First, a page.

Emails, phone calls or texts may not always be from people you trust, even if they look like it. Scammers use familiar companies or people you know to steal personal information and possibly steal your identity.
An email, phone call or text could be a phishing attack:
  • When the message does not include your name, or uses bad grammar or spelling
  • If asked for personal information including
    passwords or bank account information


Trying to get a good deal when shopping online can sometimes come at a cost. Consumers are falling victim to fake retail websites as well as fake sellers on direct seller-to-buyer sites such as eBay and Craigslist.
Your purchase could be a scam:
  • If you bought something from a seller-to buyer/retail site, but never received the item
  • If you received emails or text messages with special offers, deals, or shipping notifications that link to a retail website that looks familiar, but seems a little off Sellers should also be vigilant to who they are selling to as not every buyer is legitimate.
Your buyer could be a scammer:
  • If you received overpayment for an item you sold, and then were requested to refund “accidental overpayment.” Often times the original payment will bounce, and any returned “overpayment” cannot be recovered.


How to Protect Yourself

  • Do not share your personal information, PINs, account numbers or passwords with anyone who contacts you online or over the phone.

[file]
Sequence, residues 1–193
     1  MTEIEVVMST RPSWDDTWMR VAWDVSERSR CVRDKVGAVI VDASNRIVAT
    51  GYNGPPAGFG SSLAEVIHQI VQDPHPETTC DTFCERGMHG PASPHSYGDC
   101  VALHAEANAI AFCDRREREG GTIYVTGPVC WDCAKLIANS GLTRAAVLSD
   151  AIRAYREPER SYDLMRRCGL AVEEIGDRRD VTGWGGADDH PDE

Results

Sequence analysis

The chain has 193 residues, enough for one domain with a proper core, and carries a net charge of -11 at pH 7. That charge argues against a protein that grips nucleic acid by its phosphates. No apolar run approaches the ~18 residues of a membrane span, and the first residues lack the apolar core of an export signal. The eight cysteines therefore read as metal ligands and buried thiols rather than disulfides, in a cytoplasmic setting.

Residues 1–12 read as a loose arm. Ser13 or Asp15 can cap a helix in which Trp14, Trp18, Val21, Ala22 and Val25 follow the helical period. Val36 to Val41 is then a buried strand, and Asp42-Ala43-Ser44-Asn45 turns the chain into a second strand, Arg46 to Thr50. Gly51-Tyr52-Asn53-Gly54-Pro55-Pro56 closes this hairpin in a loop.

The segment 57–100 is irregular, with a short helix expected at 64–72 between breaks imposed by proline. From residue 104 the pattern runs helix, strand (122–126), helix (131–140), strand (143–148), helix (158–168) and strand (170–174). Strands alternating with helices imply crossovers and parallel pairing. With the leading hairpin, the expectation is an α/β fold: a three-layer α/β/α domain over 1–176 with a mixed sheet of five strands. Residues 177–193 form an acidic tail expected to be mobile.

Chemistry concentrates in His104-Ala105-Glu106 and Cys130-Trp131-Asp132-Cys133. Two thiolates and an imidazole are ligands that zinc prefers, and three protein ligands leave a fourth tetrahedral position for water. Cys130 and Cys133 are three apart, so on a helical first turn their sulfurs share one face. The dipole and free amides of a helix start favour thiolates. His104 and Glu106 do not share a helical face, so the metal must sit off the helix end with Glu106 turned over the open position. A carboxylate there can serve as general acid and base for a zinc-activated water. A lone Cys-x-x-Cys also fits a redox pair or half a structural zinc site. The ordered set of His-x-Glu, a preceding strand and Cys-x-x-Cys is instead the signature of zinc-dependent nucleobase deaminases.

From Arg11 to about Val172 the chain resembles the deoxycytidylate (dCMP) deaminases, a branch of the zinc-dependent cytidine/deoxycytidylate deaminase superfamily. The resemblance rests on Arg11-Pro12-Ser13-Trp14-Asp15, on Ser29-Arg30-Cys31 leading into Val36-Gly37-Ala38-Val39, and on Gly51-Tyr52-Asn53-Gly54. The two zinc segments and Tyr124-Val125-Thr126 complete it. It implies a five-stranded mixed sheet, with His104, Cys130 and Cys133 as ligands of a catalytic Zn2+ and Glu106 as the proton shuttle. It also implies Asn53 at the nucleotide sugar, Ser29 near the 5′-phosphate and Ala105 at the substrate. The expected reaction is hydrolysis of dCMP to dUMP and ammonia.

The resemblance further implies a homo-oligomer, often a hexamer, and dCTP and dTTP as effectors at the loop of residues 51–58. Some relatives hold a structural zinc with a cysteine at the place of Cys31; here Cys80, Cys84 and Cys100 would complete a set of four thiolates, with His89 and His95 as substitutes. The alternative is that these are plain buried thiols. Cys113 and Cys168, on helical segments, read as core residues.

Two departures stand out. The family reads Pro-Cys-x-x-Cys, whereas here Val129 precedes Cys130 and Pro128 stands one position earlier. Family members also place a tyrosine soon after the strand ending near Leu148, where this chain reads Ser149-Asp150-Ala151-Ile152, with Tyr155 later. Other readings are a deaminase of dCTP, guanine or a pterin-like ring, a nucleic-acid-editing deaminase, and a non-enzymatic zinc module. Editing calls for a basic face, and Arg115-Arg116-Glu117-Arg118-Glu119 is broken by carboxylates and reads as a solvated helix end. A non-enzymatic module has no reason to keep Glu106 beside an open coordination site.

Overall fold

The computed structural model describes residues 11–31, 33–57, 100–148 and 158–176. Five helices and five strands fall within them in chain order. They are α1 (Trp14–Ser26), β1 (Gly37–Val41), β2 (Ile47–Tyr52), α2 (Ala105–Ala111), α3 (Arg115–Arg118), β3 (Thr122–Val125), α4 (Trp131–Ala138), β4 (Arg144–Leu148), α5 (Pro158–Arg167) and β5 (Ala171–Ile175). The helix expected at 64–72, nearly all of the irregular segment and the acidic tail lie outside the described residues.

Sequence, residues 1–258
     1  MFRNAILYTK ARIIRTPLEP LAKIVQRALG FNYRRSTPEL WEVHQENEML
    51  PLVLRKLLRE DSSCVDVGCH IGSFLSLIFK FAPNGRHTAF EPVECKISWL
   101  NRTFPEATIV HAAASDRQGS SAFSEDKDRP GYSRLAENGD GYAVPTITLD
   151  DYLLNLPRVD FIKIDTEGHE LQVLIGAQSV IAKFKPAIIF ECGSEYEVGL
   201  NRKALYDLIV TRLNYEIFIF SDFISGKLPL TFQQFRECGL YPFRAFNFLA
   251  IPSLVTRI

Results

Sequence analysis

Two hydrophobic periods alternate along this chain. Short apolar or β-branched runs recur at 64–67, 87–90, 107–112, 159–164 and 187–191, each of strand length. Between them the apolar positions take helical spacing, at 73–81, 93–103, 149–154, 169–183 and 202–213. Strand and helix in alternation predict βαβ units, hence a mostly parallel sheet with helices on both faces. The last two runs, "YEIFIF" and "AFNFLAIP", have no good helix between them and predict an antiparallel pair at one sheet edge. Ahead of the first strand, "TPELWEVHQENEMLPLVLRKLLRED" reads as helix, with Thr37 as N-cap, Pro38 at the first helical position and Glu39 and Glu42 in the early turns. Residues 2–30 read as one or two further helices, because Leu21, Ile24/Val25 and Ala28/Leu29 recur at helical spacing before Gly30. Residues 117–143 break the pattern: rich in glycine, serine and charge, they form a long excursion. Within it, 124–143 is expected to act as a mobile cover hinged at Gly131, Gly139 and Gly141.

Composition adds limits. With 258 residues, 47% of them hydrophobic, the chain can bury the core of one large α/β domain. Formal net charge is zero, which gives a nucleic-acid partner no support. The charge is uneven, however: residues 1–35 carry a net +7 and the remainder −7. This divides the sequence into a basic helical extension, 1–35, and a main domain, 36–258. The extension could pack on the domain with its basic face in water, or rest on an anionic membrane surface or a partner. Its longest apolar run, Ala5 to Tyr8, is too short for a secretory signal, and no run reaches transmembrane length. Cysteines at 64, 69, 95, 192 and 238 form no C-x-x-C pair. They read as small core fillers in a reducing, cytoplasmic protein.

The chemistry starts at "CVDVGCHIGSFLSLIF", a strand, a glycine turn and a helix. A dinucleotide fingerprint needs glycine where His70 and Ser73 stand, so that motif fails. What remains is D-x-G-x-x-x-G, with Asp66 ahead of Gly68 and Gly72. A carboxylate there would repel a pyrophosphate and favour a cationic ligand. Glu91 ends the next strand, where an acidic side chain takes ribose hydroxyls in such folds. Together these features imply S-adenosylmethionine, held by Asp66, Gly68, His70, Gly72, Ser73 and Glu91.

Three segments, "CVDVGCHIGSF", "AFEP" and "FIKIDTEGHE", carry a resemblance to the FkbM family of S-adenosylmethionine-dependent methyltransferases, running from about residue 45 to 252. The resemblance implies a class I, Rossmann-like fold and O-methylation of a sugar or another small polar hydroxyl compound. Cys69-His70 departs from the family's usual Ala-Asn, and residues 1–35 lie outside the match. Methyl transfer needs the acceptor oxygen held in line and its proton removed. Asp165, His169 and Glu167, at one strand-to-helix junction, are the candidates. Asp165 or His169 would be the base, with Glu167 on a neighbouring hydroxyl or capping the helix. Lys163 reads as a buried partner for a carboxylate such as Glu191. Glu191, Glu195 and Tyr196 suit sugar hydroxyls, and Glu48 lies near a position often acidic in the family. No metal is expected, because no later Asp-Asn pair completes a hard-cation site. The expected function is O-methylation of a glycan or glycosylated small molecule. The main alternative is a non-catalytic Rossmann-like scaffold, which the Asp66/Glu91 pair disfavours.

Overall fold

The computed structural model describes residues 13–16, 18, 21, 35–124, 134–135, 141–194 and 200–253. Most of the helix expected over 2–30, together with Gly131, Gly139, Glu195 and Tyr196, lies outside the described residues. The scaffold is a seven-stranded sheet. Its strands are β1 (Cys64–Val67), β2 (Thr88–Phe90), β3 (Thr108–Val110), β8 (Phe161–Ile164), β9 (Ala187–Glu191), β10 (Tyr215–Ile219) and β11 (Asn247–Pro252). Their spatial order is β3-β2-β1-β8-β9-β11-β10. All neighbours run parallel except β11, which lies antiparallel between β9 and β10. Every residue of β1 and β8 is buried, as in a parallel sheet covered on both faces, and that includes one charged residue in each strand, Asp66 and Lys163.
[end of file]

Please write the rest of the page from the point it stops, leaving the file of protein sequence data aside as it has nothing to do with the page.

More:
• Be wary of requests for payments in the form of gift cards, prepaid cards, and wire transfers or other non-traceable payments.
  • Do not click on pop-up windows. Identity thieves plant pop-up windows on legitimate websites in an effort to steal your identity by acquiring all of your personal information.
  • Do not send funds or cash to companies, charities or individuals unless you identify the legitimacy of the transaction.
  • Do not click on links in emails that ask for your personal information. Harmful programs could be embedded in emails and the links provided may lead you to fake versions of what you understand to be legitimate websites. Secure websites will always contain HTTPS in the webs address.
  • Check your credit report periodically from the three credit bureaus to ensure nothing is abnormal.



What to Do if You are a Victim

If you believe you are a victim of fraud or identity theft, contact us at 877.723.5571. In addition to contacting Univest, you should also report the incident to the fraud departments of each of the three major credit bureaus.

Additional Steps to Take if You Are a Victim of Fraud or Identity Theft

  • Close the accounts you know or believe have been tampered with or opened fraudulently
  • File a police report as proof of the crime and obtain a copy or report number.

File a Complaint

Law enforcement agencies around the world work together to stop scammers and provide consumers with the information they need to avoid fraud. If you believe you have been scammed, file a complaint with the below organizations.
  • Federal Trade Commission: | 877.FTC.HELP (877.382.4357)
  • FBI Internet Crime Complaint Center: